TATYANA’s debut EP, Shadow on the Wall, is an underground gem—and when I say underground, I literally mean subterranean.
“I wrote this EP in my little basement studio by myself,” the London musician tells American Songwriter. “It was a very insular and hermetic process—just making beats feverishly into the night and obsessing over my feelings. It’s an encapsulation of a certain time—a period where I was just beginning to understand my sound, what I wanted to say, and what my process of creating was.”
Shadow on the Wall sees TATYANA—a classically-trained harpist and Berklee College of Music graduate—delivering five sugary electro-harp confections that pair her lush vocals with lavish beats.
“This EP feels very raw and heartfelt to me,” she says. “Perhaps that’s why I chose to use so much auto-tune on the vocals—to give myself some distance. It came together very quickly, and most of the songs were written and produced in about a day or two.”
TATYANA has cited James Blake, Grimes, and Kimbra as significant influences. “They are all self-produced artists which I think we will be seeing more and more of now,” she said in 2017. “It’s become increasingly easy to make music in your bedroom. I love having total control of my output and being able to create something exactly how I hear it in my head.”
We asked TATYANA to tell us the story behind each track of Shadow on the Wall. Check out her responses and listen to the EP below.
When I was a kid/teen I spent most of my summers in a tiny village about 500km outside of Moscow. It’s super rural and truly in the middle of nowhere. So I wrote this song imagining what it might be like to grow up in a place like that. The first verse sets the scene: “in the summer we go, swimming in the river, drinking juice and liquor.”
In my head I was writing this song to an imaginary lover—someone I could escape this place with. So the chorus deals with that feeling of wanting to make something of yourself, move to the big city or whatever—but still holding onto where you come from: “I hope we don’t forget, we never have to be like them.” It’s about first love in whatever context that may be—a person, a place, a feeling.
“Over Again” is an interesting track. I wanted to break out from standard pop form song structure, and create a mood rather than a narrative. There’s no chorus and it’s quite a rudderless track—very repetitive. Certain lines get repeated many times like “over and over” and “as you did before.” It’s still quite conversational as a lot of my writing is, but this song is more of a metaphor for the cyclical pattern of thinking you can get stuck in after a break up. You end up going over the same one idea—in this case, “could you love me again?” Writing this song really helped me move on from a past relationship because it bottled that feeling up and allowed it to exist outside of me.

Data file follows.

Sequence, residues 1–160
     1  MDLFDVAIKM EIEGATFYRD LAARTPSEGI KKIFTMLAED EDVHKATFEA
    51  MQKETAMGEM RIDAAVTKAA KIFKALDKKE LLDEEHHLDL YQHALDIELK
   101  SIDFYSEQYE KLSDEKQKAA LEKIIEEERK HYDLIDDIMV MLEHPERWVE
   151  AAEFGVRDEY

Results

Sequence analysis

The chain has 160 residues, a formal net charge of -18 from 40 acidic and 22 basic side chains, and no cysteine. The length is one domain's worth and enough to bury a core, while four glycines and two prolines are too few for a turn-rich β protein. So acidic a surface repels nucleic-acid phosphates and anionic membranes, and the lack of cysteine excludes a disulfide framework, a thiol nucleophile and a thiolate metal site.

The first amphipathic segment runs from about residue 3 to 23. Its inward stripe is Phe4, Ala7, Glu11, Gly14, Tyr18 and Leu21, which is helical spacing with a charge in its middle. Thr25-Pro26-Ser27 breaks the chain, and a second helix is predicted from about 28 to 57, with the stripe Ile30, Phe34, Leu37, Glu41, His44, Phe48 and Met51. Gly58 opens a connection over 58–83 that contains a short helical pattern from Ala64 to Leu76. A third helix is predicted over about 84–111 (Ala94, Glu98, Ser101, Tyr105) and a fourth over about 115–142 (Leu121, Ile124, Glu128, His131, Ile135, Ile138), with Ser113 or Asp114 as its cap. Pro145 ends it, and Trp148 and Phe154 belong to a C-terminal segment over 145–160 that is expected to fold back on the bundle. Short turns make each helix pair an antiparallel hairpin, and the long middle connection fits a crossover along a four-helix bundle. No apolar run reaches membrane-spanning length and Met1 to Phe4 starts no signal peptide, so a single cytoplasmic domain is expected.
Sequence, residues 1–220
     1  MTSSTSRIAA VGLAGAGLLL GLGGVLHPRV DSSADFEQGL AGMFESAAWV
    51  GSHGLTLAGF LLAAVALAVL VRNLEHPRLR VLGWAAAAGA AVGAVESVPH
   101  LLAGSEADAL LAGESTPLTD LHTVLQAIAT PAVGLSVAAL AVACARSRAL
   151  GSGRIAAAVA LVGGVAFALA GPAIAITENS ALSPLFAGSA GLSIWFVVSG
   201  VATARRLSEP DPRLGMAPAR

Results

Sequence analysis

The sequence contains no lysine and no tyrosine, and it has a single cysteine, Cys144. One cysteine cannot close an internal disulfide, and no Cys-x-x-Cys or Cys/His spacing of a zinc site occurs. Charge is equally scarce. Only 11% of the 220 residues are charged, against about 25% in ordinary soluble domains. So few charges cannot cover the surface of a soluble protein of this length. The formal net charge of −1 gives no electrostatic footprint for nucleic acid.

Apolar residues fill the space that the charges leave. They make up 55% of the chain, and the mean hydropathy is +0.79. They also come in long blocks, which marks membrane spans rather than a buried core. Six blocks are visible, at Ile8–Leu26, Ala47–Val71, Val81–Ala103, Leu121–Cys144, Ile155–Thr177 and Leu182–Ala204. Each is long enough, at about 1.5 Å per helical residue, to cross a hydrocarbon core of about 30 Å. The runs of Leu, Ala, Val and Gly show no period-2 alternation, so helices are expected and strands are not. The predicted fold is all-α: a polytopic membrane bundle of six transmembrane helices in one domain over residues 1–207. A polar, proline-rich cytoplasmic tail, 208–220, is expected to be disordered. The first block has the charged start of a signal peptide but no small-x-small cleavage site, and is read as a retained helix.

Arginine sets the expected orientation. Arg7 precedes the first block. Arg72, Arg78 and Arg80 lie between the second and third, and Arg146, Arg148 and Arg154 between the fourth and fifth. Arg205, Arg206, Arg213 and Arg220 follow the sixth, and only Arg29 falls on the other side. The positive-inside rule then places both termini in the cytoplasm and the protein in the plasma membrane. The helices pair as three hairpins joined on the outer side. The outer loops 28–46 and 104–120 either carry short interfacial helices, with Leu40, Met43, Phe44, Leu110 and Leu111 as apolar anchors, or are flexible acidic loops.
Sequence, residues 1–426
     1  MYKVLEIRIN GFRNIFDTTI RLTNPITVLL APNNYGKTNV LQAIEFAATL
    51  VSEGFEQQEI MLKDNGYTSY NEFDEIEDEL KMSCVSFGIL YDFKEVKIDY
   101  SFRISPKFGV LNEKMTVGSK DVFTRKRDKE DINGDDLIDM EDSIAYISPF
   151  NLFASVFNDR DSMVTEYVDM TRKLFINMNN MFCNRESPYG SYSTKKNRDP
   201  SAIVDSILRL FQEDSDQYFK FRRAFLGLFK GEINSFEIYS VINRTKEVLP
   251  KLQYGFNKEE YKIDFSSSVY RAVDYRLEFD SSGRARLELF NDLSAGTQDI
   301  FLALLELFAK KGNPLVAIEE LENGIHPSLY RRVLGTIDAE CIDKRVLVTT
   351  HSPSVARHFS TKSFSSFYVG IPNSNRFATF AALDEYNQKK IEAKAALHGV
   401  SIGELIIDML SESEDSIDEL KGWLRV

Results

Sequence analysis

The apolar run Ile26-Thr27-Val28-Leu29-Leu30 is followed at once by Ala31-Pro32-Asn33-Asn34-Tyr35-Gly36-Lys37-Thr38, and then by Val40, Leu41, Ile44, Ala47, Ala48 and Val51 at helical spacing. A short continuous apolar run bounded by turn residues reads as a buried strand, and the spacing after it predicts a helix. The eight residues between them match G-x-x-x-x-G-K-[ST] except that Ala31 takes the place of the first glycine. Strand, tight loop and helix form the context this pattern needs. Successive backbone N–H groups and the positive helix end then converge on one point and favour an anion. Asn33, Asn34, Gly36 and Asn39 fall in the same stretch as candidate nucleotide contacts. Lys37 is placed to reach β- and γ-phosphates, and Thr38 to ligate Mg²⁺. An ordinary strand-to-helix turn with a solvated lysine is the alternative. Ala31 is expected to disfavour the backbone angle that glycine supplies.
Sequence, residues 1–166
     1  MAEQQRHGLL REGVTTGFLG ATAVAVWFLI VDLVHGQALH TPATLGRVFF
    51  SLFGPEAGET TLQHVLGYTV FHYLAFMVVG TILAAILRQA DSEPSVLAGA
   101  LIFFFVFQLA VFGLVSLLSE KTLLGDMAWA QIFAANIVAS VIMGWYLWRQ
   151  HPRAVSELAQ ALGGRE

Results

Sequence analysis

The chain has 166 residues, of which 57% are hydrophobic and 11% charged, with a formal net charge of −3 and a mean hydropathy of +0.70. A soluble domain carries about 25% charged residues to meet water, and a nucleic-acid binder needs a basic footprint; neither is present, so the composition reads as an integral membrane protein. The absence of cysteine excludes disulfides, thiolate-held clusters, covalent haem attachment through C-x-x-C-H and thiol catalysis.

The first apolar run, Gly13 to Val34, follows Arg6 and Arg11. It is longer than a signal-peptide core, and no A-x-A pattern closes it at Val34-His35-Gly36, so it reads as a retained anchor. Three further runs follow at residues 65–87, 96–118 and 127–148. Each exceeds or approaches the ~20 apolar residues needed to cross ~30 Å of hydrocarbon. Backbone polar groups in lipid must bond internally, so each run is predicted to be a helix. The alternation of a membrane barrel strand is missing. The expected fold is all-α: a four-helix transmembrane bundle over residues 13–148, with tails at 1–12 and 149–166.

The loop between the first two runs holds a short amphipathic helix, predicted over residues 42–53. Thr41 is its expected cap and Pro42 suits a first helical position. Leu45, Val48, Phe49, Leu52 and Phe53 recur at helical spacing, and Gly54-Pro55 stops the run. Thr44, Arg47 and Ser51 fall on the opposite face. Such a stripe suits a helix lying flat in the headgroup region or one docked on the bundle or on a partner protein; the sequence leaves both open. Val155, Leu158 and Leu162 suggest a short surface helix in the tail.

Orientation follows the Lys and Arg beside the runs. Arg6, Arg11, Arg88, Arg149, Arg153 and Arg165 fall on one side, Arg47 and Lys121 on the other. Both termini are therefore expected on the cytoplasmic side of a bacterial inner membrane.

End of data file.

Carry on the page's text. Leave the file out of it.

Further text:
Need 2 Know
One of the reasons I write songs is to communicate feelings I can’t express to a particular person—even if the song ends up being about something totally different. It really helps having a muse or inspiration to get into my flow. In a way this song is about that very process. It starts off with “it’s on the tip of my tongue, on the edge of my breath, all the words I can’t say to you yet,” [which] kinda sums up [the song]!
My favourite songs tend to come out all in one go, and this song is basically a freestyle. The vocal on the track is actually the first and only take. My favourite line in this is “focus is the only thing I want.” I’ve had to learn how to balance my romantic life with my first love—making music—and I guess this song is about that. I get really bored by people trying to play games or waste my time, because there’s so many things I want to make and create so if you’re going to be a distraction then boy bye! The chorus is a mantra of sorts: “only one time, you gotta make it right, do everything you like.” Basically, live life on your own terms [because] it only happens once!
Shadow on the Wall
This song is so cute. It’s the first song I wrote for this project, which is why I named the EP after it. It’s a digital love letter; a kiss-me-through-the-phone style song. Our relationships with people in the modern digital age have morphed into these phantom-like fantasies, where without that eye-to-eye, face-to-face human contact, you can imagine all sorts of things about a person [and] project all sorts of things. This song is an acknowledgment of that phenomenon but still very much lost in the yearning and desire to be near someone in the flesh.
“Shadow on the Wall” is out now via Sinderlyn.